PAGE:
Drag Racing Online: The Magazine

Volume VIII, Issue 10, Page

Did you ever seriously race the Fiat?
 
DM: We ran in the very first ever Pro Gas race (9.90 index), believe it or not, with a center steer car. There were no cars built out there then specifically for Pro Gas  so we just got a bunch guys together at Irwindale Raceway and it was Pro Gas time.  I made it to the semis once and then broke the spider that drove the front bump on a turbo clutch, so I was out.  The car sat in my garage from 1976 until 1991. I finally came to the realization that I needed to do something with it.  Throw it away, give it away, sell it, whatever, I had to do something.  Well, after I had my heart problem in '91, I became motivated to do things that I wanted to do, but never had done.  You gain a sense of your own mortality when you have a triple bypass. 

So, I decided I was going to restore the car or renovate the car, but try to keep it as original appearing as I could, yet make a legal and as safe as possible racecar (it could be) for the Super Comp class.  I ended up racing the car for eight years, primarily on the nostalgia

circuit, but I did run legal Super Comp, I was fortunate to win the March Meet at Bakersfield with it. I ran as quick as an 8.65 at 152 mph (with a) car that was built 40- 50 years earlier and had the time of my life. It is currently in the NHRA Sports Museum (due to) the onset of some arthritic knees, it has found a home.  The way that I had to drive the car because of the configuration of the brake pedal, it became unpleasant or uncomfortable and I often felt that if it became uncomfortable driving a car at 150 mph that is 40 years old, you better find a day job, so with that, it got retired. I went to Roy Hill's Drag Racing School many times. I got my Pro Stock license, I got my Super Comp center steer license, got my Super Comp dragster license, I actually had the opportunity to race Roy's school cars at the Pro Stock “Superbowl”  in Houston a couple times.  I also drove one of Roy's Pro Stock trucks in the inaugural series of the trucks when each manufacturer had trucks.  I ran it at the last race of the first season out at Pomona, at the World fFnals.  NHRA allowed me to take a break from the announcing and go do some driving.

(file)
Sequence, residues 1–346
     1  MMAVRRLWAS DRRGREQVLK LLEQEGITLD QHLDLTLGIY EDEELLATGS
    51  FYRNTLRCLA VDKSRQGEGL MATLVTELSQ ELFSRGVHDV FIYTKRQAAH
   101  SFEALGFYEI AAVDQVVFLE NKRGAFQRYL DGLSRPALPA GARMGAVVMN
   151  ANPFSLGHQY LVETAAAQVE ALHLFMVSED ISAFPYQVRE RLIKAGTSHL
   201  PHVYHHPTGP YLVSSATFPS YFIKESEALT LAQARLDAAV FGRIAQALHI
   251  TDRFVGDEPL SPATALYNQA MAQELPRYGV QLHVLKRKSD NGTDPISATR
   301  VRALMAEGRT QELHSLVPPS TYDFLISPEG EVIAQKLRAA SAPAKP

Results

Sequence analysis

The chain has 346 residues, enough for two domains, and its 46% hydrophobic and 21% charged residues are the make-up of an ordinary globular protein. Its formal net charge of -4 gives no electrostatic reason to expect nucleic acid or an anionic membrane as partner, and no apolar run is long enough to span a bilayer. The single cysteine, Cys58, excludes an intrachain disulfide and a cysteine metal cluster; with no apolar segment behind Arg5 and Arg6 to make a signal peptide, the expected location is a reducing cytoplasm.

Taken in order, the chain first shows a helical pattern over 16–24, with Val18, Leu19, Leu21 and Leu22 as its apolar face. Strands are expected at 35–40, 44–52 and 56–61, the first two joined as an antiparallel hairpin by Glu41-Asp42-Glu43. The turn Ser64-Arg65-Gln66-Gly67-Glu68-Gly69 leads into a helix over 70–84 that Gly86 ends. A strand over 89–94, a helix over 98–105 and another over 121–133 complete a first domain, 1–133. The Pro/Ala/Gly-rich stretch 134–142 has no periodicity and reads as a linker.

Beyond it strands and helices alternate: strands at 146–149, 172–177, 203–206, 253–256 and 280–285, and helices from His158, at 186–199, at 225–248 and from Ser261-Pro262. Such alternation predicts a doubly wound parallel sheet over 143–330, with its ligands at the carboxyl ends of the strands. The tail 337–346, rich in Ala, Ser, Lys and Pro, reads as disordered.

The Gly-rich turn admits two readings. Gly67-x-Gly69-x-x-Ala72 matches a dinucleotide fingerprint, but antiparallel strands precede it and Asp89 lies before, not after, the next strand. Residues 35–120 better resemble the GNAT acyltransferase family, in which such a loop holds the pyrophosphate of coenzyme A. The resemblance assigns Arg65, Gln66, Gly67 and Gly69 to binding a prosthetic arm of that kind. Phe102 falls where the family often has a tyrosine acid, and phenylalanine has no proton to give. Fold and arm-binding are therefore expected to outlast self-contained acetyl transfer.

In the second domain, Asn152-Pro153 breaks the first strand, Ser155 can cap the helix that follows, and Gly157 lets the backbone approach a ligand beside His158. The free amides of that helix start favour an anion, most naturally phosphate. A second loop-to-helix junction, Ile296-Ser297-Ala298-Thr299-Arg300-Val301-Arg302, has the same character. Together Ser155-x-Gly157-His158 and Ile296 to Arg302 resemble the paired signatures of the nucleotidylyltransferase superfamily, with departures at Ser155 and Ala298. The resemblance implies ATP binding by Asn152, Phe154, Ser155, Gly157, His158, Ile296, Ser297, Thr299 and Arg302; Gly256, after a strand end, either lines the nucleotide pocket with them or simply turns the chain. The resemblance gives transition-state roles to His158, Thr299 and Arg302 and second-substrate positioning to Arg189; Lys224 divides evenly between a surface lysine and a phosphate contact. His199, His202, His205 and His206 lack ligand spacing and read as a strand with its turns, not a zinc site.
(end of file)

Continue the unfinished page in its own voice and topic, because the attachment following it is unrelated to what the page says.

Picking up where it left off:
What did you take away from your driving career?

DM: You always have elusions of grandeur when you are standing holding a microphone. You think, boy that was a dumb move, if I was out there. . .and then you fill in the blank.  It really helped me, not only to go to Roy's school, and I didn't want to overlook this, I also went to Frank Hawley's alcohol dragster school, went 200 mph plus in an alcohol dragster, and I feel in both cases, it gave me a great deal of additional respect for what these guys do, especially the Pro Stock racers.  Cause I'm telling you, it's a whole lot harder to do it right and I emphasize the word right, than you could ever imagine. 

If I could drive the car, would I have ever been competitive?  I think it would have taken a considerable amount of time and runs to be that way because, that's another thing like announcing, you have to do it a whole lot to be good at it, and I look upon those guys that race full time, that's their job.  That's what they do for a living.  I had a great time.

As a racer, what was the most memorable time?

DM: Winning the March Meet.  It is a highly prestigious event. In non-national event things, it probably ranks up there as one or two because of its longevity, because of the number of cars; it definitely is the pinnacle of nostalgia type racing those kind of cars.  With that, it just gave me the opportunity to get out there and just have fun.  I never expected a return upon investment and I never particularly got it, money-wise.  My philosophy was that I was doing this because it was something I wanted to do.  It was a challenge, it's something that gives you a sense of accomplishment even when you do it moderately well, and to win an event, I can tell you I know thousands upon thousands of racers over 50 years of doing this that haven't even come close to winning any event, not necessarily a big event, I'm talking about anything.  They spend their life out on the race track and those are the guys that I have the utmost admiration and sympathy for because I know what they are going through. 

But if you can't justify doing it as having fun, as a hobby, then you need to take up golf or fishing or something else.  That's where, at least in the lower categories of racing, it is.  I think one of the more astonishing things that I have seen happen over 50 years is the fact that racers today in lower categories of competition, which is described as sportsman racing, can actually make a living doing it, if they are good.

 

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